The Parrot's Lament

The Parrot's Lament

And Other True Tales of Animal Intrigue, Intelligence, and Ingenuity

Book - 2000
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Baker & Taylor
Offering compelling evidence of animal consciousness and intelligence, an award-winning journalist presents more than one hundred true stories that demonstrate how animals experience grief, humor, compassion, deception, strategy, and more. 27,500 first printing. Tour.

& Taylor

Presents more than one hundred true stories that demonstrate how animals experience grief, humor, compassion deception, and strategy

Publisher: New York : Dutton : Plume, 2000, c1999
ISBN: 9780525944768
Characteristics: xx, 204 p. ; 23 cm


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Dec 27, 2016

Very readable, and interesting, animal stories.

Feb 28, 2016

This gets half a star for funny/sweet/interesting anecdotes, but otherwise it's a mess. Totally into big cats being hand-reared in living rooms, totally into direct human contact with pretty much any animal, defensive about zoos, defensive about marine animals being kept in captivity, condescending about anthropomorphism but ignores any interesting questions about human vs nonhuman consciousness, condescending about everything. I didn't make it all the way through, which is a shame, as some of the anecdotes were seriously great.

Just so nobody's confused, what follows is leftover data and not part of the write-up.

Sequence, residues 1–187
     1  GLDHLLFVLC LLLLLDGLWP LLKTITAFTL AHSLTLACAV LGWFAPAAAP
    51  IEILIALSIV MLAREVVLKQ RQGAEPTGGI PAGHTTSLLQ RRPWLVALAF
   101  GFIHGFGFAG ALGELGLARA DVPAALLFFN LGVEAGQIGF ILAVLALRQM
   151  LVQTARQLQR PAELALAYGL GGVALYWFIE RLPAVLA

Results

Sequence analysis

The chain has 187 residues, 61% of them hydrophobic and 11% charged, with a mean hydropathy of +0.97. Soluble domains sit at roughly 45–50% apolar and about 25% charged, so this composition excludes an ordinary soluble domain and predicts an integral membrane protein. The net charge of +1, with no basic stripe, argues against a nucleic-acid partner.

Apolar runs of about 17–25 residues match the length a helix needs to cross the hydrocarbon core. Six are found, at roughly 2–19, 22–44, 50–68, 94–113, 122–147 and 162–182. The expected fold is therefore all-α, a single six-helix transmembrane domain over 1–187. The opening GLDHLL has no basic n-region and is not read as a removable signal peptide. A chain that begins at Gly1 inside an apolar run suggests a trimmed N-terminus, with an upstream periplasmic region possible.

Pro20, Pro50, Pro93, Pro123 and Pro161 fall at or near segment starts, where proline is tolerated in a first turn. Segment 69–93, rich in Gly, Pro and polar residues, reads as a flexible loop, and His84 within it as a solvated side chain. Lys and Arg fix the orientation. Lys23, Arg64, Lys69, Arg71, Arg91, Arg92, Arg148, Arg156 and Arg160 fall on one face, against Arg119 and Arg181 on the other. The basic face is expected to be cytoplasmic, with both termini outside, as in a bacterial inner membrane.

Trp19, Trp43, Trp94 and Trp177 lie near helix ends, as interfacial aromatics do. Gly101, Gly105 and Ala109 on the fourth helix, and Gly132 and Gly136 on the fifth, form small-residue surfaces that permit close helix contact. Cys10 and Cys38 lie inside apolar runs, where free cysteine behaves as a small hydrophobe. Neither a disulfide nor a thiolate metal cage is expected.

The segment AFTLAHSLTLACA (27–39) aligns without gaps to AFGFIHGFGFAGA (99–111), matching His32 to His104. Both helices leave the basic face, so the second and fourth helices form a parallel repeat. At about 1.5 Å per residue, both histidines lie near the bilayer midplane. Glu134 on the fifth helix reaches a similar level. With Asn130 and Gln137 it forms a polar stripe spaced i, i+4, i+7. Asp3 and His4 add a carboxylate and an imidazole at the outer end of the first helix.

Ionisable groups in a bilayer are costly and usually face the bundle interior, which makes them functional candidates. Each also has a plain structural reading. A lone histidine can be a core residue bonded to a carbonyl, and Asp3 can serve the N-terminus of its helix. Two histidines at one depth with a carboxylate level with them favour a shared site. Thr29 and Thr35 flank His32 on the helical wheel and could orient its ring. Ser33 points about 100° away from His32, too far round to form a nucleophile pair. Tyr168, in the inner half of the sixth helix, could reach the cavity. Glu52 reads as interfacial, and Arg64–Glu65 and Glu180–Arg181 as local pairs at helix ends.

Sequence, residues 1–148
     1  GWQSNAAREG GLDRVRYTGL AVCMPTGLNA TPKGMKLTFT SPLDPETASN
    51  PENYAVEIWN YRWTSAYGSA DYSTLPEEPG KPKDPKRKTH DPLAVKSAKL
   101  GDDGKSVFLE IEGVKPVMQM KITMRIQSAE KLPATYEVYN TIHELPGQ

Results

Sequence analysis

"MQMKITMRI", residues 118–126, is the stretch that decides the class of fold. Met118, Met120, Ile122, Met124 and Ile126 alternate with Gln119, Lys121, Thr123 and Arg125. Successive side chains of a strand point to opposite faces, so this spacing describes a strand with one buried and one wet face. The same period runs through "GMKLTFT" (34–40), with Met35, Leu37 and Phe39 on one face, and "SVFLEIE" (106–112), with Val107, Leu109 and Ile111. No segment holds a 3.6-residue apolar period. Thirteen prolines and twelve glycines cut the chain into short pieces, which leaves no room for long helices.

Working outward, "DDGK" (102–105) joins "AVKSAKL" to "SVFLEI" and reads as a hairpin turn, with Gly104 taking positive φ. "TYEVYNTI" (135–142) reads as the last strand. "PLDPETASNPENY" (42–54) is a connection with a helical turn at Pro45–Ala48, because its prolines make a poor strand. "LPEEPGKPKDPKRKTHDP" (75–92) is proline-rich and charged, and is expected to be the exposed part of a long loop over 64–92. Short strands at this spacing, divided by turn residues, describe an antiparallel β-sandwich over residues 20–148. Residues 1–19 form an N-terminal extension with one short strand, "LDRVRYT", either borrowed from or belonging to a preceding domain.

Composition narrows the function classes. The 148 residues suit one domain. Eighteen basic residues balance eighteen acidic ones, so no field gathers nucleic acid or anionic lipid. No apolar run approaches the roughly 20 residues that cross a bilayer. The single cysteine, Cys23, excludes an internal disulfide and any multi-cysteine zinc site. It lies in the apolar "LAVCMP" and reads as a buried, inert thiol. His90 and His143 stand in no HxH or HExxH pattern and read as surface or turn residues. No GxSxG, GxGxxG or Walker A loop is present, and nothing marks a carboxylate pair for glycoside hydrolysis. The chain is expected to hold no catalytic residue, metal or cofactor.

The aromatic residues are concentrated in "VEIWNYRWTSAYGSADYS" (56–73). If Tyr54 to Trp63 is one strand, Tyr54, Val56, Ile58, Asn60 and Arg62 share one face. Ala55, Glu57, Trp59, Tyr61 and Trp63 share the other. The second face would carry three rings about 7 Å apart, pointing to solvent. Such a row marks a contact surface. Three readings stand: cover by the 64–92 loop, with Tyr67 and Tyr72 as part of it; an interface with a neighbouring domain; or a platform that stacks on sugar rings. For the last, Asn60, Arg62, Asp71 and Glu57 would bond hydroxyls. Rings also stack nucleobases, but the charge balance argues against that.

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Aug 28, 2010

Linden relates anecdotal evidence that animals, when faced with actual situations, can be as conniving and as thoughtful in solving problems as a young child. These are observations taken from people who work professionally with animals so are familiar with typical behaviors. In relating these stories as evidence of animal cognition there is a high degree of reliable observation that is not anthropomorphizing. Later Linden follows up with supporting experimental results but these are simple controlled settings so lack the ingenuity even if they offer corroborative evidence of cognitive analysis in solving situational problems by animals.
The anecdotes are gathered across a wide spectrum from zoo keepers, pet owners, game preserve employees, and primate researchers and covers a range of animals from the titular parrot to various apes, cats, horses and a captive orca pair. The obvious is that animals recognize themselves and others and form patterns of relationships that require intent to perform the actions we read about. Linden leaves the reader to form their own opinion at first because this is just anecdotal hearsay. Only at the end, with experimental evidence, are the cognitive functions explored and analysed in detail.
This book was not about proselytizing a view point but rather offering qualified observational evidence followed by a sampling of simple experimental settings in order to provoke awareness of what intellect is, whether in animal or in human form

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